Books have been one of the best medium to express one’s thoughts and ideas. However, throughout the history, churches and censors have been interfering in the publication of some of the books. They have been considered either controversial to religion or immoral to the citizens of the state. Have a look at some of them.

1. The Adventures Of Huckleberry Finn

Flickr/ William Creswell
Flickr/ William Creswell

The reason for which this book of Mark Twain was banned in 1885, just one year after its publication, was the use of some derogatory words and disparaging slang.

2. Candide

Flickr/ John Shepherd
Flickr/ John Shepherd

Candide is a French novel written by Voltaire. It was banned by The Great Council of Geneva due to its satirical content. The writer poked satires at philosophers, armies, rulers and even churches.

3. Harry Potter Series

Flickr/ Alberto Alvarez-Perea
Flickr/ Alberto Alvarez-Perea

Harry Potter is one of the most celebrated fiction books based on witchcraft, violence, revenge and mysteries. In the U.S, it faced challenges after publication due to its scariness, impracticable content, magic and occult. There is always numerous things to learn as a mother, try visiting baby show to get more of them now.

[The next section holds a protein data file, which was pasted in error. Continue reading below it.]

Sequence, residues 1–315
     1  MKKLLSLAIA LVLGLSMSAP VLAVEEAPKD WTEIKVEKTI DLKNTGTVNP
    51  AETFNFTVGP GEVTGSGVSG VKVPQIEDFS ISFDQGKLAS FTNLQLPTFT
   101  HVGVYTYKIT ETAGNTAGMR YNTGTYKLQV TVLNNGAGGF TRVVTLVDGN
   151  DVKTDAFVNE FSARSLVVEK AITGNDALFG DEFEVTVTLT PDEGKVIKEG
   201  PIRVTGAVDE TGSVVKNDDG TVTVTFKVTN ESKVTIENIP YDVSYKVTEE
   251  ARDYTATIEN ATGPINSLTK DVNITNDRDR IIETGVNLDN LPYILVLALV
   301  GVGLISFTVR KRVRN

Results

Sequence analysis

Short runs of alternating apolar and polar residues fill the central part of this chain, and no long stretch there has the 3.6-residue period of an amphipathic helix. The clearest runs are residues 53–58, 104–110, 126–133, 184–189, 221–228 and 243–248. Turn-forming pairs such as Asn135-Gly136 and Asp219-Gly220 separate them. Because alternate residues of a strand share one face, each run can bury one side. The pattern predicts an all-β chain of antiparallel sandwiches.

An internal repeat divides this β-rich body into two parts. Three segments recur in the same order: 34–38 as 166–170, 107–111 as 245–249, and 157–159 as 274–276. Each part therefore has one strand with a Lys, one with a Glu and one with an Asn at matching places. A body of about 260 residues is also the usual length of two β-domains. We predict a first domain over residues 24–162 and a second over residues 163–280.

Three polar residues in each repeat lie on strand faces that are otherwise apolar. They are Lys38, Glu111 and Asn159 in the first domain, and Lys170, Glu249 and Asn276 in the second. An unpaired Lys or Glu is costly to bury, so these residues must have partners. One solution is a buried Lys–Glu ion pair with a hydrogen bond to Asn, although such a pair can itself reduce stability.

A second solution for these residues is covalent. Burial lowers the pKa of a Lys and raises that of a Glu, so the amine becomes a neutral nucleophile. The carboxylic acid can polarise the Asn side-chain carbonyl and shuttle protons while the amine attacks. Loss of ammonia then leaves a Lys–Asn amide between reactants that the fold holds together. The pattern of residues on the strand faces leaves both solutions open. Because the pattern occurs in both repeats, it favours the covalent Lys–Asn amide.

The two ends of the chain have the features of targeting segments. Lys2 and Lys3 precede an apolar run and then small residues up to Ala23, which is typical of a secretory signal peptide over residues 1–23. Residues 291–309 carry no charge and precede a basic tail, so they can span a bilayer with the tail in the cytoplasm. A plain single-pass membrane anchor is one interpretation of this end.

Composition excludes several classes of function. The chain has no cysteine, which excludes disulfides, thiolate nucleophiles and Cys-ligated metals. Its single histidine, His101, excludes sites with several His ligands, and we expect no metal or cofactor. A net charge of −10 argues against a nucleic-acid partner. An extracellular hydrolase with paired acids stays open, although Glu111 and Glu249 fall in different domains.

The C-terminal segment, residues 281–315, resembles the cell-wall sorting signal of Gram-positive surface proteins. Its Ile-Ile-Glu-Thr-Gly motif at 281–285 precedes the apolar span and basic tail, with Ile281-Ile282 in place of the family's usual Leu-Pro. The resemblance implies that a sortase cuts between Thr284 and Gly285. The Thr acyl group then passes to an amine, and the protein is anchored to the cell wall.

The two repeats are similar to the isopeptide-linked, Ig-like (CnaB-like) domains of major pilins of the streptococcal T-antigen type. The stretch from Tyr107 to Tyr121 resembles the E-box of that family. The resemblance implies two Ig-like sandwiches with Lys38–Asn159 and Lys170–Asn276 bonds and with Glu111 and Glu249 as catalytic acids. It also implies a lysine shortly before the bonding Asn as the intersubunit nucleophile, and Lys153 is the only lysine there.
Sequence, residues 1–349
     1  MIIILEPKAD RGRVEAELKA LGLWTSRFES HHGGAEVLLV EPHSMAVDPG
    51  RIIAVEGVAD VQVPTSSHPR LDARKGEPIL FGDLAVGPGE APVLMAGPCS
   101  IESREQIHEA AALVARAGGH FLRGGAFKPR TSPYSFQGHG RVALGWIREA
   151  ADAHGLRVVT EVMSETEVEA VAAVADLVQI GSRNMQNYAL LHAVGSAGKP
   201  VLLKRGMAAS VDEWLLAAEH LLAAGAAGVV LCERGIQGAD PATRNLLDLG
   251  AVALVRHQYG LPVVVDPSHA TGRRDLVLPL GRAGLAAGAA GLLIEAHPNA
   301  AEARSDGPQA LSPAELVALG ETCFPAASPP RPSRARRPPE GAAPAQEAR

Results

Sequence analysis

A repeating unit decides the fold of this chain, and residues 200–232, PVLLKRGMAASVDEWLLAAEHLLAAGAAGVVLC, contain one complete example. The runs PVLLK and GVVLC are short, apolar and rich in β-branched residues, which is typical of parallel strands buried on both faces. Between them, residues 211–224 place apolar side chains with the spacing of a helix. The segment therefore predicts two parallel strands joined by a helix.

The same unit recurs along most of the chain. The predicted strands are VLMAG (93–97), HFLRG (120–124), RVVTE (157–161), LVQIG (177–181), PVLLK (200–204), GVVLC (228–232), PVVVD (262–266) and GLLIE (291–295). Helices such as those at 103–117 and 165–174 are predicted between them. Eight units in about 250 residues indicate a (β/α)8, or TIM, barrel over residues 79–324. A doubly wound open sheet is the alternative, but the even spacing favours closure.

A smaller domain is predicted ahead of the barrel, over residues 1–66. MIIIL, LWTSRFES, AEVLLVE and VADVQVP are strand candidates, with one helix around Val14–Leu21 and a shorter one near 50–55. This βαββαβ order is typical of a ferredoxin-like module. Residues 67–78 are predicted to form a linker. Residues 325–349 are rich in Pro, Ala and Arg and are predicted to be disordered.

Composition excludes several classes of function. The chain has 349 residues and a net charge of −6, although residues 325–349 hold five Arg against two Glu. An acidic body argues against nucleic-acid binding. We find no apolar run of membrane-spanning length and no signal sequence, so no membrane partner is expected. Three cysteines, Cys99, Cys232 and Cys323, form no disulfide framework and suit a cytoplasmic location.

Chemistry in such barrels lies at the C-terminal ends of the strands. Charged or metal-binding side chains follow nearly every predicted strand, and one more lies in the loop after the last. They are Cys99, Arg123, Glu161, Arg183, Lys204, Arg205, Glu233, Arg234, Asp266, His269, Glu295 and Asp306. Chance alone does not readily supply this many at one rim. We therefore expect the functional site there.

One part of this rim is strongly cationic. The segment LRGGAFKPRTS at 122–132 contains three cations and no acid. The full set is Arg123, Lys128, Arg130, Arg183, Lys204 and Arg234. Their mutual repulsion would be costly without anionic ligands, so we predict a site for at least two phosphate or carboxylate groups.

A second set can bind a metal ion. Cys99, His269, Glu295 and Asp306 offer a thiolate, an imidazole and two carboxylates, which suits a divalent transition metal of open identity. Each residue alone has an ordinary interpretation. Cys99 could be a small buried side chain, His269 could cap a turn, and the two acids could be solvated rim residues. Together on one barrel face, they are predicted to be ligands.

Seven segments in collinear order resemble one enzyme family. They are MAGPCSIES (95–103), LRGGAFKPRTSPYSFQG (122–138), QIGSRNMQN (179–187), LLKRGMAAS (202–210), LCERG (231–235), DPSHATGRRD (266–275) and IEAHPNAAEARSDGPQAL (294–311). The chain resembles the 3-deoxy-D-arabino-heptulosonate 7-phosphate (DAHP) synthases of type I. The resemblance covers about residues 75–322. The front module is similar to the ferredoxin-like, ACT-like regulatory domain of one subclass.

4. Catcher In The Rye

Flickr/ Will
Flickr/ Will

It was written by J.D. Salinger and released in 1951. The book tells the story of a teenager boy who faces anxiety and unhappiness caused by adults to him. Usage of immoral slang, sex, violence and threats of other children relating to the main character banned it.

5. Lolita

Flickr/ Will
Flickr/ Will

Written by Vladimir Nabokov, this book portrays sexual relationships between a male adult and certain girls mostly children. Obviously this content doesn’t impact nicely on the readers.

6. 1984 by George Orwell

Flickr/ Will
Flickr/ Will

This novel mainly focuses on the ill deeds of totalitarian or authoritarian state. It was regarded as one of the 100 best English-language novels by Times Magazine. Still many thought it immoral to be published further.

7. Brave New World

Flickr/ Daniel Weir
Flickr/ Daniel Weir

The negativity it causes to the society and the people by its content had made a strong reason to ban it. It was written by Aldous Huxley in 1932 and depict a society of no hope in the future.

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